FOR IMMEDIATE RELEASE
November 21, 2003
Anne Johnson, Director of Communications, (202) 523-3240, ext. 27
WASHINGTON - The U. S. Commission on International Religious Freedom (USCIRF) commends the House of Representatives for passing, and Representative Frank Wolf for introducing, House Resolution 423 recognizing the 5th anniversary of the signing of the International Religious Freedom Act (IRFA) and urging a renewed commitment to eliminating violations of the internationally recognized right to freedom of religion and protecting fundamental human rights.
The Commission also commends the Senate for passing, and Senator Sam Brownback for introducing, in October Senate Resolution 251 designating October 27, 2003, as "International Religious Freedom Day." The legislation also requests that the President issue a proclamation calling for a renewed commitment to eliminating violations of the internationally recognized right to freedom of religion and protecting fundamental human rights, and calling upon the people of the United States and interested groups and organizations to observe International Religious Freedom Day with appropriate ceremonies and activities.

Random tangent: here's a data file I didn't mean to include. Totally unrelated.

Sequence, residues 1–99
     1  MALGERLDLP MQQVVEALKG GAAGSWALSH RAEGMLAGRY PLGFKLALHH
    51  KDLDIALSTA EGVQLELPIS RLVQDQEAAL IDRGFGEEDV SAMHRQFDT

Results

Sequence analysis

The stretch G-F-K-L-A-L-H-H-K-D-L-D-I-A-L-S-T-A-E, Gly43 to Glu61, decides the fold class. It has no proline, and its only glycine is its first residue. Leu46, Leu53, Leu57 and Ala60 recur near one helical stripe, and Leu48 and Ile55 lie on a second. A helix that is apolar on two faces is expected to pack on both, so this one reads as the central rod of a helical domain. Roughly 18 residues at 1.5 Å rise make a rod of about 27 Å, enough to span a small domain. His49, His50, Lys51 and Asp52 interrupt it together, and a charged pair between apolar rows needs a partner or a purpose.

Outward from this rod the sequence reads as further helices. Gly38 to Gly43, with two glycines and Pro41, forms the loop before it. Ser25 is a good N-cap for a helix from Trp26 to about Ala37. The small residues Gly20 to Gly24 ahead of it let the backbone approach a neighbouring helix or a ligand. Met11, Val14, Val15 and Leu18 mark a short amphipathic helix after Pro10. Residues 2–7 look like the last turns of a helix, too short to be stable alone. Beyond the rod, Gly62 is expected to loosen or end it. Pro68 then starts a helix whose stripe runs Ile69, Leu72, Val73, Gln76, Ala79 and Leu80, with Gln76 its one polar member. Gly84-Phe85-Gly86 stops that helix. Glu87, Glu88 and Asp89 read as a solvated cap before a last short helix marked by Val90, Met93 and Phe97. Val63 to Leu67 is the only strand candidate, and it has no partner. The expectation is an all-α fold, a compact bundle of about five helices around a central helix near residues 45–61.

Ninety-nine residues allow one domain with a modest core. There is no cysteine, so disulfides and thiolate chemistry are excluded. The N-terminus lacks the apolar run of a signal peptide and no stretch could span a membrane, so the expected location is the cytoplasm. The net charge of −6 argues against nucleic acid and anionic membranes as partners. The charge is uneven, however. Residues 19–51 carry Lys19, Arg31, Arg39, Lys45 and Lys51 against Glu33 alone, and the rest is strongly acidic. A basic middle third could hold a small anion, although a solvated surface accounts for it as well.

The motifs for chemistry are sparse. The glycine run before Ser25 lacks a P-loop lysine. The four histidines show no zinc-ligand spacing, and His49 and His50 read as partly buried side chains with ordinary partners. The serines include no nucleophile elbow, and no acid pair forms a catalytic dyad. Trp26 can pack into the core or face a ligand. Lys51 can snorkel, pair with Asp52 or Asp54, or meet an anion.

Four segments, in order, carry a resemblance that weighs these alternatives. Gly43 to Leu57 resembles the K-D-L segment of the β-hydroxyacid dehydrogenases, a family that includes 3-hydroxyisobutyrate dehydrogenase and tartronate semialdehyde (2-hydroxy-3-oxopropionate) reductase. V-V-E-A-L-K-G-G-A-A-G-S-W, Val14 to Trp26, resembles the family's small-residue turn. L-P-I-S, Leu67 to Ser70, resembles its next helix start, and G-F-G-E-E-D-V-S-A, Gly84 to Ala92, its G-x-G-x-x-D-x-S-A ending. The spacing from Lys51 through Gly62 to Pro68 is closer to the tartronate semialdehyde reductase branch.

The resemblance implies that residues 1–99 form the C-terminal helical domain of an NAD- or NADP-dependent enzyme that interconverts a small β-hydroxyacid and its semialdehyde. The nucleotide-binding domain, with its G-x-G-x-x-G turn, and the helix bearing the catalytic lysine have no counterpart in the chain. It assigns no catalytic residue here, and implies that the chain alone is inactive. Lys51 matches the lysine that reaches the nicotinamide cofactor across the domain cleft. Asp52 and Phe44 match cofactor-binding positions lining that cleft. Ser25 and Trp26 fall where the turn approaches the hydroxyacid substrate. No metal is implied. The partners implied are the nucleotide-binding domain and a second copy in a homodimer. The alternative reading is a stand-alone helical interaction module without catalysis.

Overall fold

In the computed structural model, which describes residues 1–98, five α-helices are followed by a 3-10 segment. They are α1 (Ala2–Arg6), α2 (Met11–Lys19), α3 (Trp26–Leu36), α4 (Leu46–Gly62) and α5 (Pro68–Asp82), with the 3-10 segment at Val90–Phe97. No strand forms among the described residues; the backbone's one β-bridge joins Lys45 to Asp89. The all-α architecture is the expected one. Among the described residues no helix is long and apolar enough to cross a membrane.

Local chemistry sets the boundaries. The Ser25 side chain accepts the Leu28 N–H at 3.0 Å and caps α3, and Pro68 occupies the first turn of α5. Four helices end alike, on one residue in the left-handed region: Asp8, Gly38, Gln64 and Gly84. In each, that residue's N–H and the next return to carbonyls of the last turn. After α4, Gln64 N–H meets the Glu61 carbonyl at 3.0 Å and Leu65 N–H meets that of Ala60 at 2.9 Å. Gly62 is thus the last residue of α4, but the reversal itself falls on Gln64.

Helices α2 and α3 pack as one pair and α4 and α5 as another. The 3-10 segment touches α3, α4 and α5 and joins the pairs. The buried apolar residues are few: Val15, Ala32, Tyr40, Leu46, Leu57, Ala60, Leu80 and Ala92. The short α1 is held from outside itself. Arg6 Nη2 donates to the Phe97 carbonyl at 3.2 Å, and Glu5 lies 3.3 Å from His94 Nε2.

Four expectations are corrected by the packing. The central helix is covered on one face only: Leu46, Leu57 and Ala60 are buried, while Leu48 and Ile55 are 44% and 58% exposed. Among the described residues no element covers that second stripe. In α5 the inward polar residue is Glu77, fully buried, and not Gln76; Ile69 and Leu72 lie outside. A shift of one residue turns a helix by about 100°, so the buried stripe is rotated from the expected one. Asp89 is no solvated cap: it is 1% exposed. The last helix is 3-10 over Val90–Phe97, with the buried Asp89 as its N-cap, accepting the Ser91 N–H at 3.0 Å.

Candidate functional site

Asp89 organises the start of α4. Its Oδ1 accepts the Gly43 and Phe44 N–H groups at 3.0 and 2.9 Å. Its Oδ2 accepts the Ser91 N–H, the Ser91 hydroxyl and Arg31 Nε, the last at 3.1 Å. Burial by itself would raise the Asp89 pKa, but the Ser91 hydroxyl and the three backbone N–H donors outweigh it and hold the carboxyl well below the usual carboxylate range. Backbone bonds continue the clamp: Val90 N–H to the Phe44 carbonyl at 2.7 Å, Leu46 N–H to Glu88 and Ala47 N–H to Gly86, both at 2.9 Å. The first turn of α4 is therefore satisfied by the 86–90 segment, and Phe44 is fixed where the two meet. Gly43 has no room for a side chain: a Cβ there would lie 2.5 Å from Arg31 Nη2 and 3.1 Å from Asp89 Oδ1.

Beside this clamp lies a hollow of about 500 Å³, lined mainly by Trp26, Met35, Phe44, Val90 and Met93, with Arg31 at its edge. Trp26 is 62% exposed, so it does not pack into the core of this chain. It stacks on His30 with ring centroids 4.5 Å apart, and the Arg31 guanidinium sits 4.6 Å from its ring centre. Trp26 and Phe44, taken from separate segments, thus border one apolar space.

"This legislation will help to keep religious freedom at the forefront of foreign policy," said USCIRF Chair Michael K. Young. "Freedom of thought, conscience and religion protects everyone's choice in what many believe to be the most important and deeply-held aspect of human identity. It requires governments to respect manifestations of that choice, and to protect each individual from harassment or violence on account of that choice. It is one of the first freedoms restricted by authoritarian and repressive governments who would replace individual conscience with unquestioned loyalty to the state. Advancing respect for the internationally-guaranteed right to freedom of religion serves U.S. interests to promote stable, democratic governments around the world."
The U.S. Commission on International Religious Freedom was created by the International Religious Freedom Act of 1998 to monitor the status of freedom of thought, conscience, and religion or belief abroad, as defined in the Universal Declaration of Human Rights and related international instruments, and to give independent policy recommendations to the President, the Secretary of State and the Congress.
Dean Michael K. Young,Chair